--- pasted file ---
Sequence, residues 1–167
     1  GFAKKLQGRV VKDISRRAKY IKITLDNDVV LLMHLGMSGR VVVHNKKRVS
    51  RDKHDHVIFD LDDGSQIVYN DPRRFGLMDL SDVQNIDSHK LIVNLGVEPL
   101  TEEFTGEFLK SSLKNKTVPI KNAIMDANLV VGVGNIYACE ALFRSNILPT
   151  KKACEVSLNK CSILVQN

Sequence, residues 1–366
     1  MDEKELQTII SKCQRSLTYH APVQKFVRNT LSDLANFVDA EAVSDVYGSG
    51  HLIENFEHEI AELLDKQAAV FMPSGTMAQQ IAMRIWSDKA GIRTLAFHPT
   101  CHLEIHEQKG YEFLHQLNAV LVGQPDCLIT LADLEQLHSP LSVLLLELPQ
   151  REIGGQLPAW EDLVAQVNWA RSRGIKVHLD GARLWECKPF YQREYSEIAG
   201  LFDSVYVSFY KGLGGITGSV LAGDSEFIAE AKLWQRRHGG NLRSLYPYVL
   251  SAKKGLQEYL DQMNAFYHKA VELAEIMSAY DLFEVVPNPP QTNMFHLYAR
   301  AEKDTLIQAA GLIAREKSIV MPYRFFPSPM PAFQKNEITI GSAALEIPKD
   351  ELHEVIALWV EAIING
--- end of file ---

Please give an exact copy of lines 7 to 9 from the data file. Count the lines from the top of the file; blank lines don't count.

     1  MDEKELQTII SKCQRSLTYH APVQKFVRNT LSDLANFVDA EAVSDVYGSG
    51  HLIENFEHEI AELLDKQAAV FMPSGTMAQQ IAMRIWSDKA GIRTLAFHPT
   101  CHLEIHEQKG YEFLHQLNAV LVGQPDCLIT LADLEQLHSP LSVLLLELPQ